ArduinoBLE scan() will eventually fail to yield any new events

This post identifies a fundamental issue with the ArduinoBLE library when attempting to run an indefinite scan(). It relates to an earlier post on 8th June 'No longer receives connections after a while', but I've started a new topic as the earlier one was simply a manifestation of the problem.

If you implement a solution which runs scan() indefinitely, filtered or unfiltered, accessing events using either poll() or available(), then there will come a time after which no further advertising events are ever returned and the application is effectively dead. To start receiving again, it's necessary to stop and re-start the scan.

The reason runs as follows: Some BLE advertising events are introductory (eg types 0 and 2), and one marks completion (type 4). The ArduinoBLE library remembers introductory event objects identified by address in an internal list: it does this to build in additional data before passing the object to the application. An introductory event adds the event object to the list, and a type 4 event removes it again. The problem is that if you fail to get a type 4 event for a previous type 2, then then the related object stays in the list. The list finite and is configured to be 5 long, so after 5 event objects with missing type 4's the list gets full: the code then rejects any future events (strictly except type 3, which don't go via the list at all) and that's it until you restart the scan. I have observed this in practice, where after 5 missed type4 events which are of no interest to me, the kind of event that I'm specifically looking for stops coming through.

I don't follow the intricacies of BLE at all, so I don't know how common lost packets are, but any approach which relies on receiving specific events like this is doomed, because you can never absolutely guarantee that a message will get through. In my case, I've identified the Android/Apple message sent as part of Covid tracking as being a particular source of grief. This changes its address every 15 minutes; if I have the BLE device near the phone, I see matched type2/type4 packets streaming continuously. If I move the phone away, I observe the number of events drop, and in particular there are often type 2 events without a matching type 4. If I go far enough away, there are obviously no events at all. This variation by circumstance and proximity makes for a problem which is hard to track down. [Although the Covid data is the worst case, it is not the only one, but that simply prolongs the time before things fail].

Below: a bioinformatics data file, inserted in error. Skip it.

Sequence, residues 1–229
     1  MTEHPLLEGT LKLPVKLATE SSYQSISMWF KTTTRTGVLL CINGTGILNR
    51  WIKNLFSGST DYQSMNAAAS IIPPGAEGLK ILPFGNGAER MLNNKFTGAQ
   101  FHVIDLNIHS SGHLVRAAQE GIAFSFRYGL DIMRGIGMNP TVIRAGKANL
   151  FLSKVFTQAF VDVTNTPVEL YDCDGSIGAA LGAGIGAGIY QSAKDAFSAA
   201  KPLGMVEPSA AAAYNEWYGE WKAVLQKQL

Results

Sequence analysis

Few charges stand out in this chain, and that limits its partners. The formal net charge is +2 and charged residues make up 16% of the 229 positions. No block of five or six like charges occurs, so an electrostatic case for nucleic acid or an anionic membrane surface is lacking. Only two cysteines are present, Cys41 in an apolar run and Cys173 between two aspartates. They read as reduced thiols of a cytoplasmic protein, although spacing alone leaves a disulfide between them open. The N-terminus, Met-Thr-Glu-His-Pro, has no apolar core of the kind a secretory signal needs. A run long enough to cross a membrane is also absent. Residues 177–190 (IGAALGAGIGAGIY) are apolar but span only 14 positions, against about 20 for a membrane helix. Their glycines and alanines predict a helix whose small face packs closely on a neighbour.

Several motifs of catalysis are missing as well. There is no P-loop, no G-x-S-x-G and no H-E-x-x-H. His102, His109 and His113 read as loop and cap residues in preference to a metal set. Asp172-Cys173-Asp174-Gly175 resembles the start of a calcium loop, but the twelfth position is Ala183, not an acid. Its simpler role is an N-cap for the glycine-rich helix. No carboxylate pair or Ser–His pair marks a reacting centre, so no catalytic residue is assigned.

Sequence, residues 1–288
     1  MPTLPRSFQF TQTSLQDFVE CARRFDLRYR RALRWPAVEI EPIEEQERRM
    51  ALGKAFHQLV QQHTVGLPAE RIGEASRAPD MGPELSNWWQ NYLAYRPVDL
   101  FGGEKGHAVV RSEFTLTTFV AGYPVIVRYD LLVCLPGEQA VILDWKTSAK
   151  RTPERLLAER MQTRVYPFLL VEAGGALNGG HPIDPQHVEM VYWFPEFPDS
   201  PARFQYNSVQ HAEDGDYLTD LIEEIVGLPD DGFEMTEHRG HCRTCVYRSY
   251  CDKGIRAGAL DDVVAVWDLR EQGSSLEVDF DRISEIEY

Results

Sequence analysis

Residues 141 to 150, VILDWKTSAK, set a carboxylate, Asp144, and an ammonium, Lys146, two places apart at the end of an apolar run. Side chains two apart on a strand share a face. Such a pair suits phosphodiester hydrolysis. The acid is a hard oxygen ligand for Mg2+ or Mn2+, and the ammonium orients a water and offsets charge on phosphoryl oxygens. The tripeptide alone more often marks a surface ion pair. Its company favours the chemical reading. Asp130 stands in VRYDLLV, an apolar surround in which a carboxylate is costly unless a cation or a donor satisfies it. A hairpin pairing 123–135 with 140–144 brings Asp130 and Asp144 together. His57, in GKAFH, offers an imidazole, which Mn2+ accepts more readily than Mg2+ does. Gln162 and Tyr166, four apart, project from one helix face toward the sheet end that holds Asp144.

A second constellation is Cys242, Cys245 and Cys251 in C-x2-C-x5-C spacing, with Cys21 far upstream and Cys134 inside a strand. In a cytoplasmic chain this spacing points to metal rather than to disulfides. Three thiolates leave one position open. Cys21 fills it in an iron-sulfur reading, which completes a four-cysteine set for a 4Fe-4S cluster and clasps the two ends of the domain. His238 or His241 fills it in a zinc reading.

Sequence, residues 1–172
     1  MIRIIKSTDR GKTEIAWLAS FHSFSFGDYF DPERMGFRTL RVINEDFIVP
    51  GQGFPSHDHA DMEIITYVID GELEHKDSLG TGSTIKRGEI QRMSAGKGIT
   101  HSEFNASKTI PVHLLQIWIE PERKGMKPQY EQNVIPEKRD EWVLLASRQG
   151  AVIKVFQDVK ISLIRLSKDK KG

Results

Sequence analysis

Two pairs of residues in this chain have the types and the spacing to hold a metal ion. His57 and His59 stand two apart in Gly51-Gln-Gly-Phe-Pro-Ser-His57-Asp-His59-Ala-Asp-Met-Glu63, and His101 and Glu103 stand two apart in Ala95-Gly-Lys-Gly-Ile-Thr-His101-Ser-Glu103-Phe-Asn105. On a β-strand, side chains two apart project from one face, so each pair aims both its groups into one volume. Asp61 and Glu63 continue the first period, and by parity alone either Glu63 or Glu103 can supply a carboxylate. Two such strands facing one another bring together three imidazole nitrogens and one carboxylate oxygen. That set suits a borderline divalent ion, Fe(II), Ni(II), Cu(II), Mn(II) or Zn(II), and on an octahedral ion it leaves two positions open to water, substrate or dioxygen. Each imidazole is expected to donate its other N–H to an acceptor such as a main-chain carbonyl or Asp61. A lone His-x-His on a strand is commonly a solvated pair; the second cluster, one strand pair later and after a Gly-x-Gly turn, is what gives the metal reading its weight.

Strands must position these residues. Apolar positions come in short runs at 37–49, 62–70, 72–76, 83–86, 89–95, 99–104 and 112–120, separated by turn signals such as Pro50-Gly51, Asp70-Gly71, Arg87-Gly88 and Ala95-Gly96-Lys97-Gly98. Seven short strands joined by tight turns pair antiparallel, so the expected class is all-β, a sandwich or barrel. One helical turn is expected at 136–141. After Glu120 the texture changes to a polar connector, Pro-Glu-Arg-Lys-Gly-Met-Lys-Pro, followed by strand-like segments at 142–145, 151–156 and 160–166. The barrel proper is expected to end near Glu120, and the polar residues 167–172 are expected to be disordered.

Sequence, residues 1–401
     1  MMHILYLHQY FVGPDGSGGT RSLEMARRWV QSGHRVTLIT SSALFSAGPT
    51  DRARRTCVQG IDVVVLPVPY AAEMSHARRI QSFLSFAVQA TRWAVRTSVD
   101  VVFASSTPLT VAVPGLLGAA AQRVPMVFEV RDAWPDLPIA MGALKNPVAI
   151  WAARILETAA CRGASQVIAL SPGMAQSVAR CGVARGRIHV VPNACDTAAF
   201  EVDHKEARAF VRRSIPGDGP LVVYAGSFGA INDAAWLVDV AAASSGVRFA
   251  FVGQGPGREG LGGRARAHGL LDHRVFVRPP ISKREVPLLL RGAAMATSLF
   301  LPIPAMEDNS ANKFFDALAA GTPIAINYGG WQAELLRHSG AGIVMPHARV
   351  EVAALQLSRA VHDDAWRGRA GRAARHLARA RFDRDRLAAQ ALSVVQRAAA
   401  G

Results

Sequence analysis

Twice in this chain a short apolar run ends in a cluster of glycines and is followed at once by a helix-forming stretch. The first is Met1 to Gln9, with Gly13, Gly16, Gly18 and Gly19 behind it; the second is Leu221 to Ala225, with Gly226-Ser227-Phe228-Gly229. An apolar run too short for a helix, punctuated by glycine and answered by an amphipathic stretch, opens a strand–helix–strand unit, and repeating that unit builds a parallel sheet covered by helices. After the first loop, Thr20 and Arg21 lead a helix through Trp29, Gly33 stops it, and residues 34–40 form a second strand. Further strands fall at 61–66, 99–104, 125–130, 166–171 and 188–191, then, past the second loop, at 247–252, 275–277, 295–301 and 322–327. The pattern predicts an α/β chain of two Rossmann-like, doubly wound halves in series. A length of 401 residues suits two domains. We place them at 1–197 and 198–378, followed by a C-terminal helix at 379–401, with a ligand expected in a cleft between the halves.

The ArduinoBLE library interface is effectively undocumented, so there's little to say about how it should behave in practice. If I'm right that there should be no impediment to running a single scan() indefinitely, and if I'm right that the reason for the maintained list is to enable the event to be augmented until it is complete, then I don't see a rigorous solution without adding more interface functionality to allow control over the list behaviour. For my own requirements I can hack GAP.cpp to either not use the list, or to skip events which aren't of interest before adding them to the list, but neither would be a general solution which could be applied to the canonical source.

So I'm interested to know what others with more experience of BLE and the Arduino library think. Is my understanding in the previous paragraph correct? Is what I'm trying to do (simply take action whenever a specific device sends a message) an unreasonable application? Is it unreasonable to seek a solution which doesn't contain a fundamental gotcha of this sort, and if so what might be the best approach?

Finally, a separate but related question: does anyone know how the BLE chip itself deals with culling duplicates, since it presumably has the same problem as above?

The BLE peripherals I’m using - W4 Beacons - use the advertisement to publish the accelerometer data. So, it changes over time.

The library doesn’t deal with this. I’ve updated it so that it does, and once I’m happy it works efficiently etc, I’ll submit a PR.


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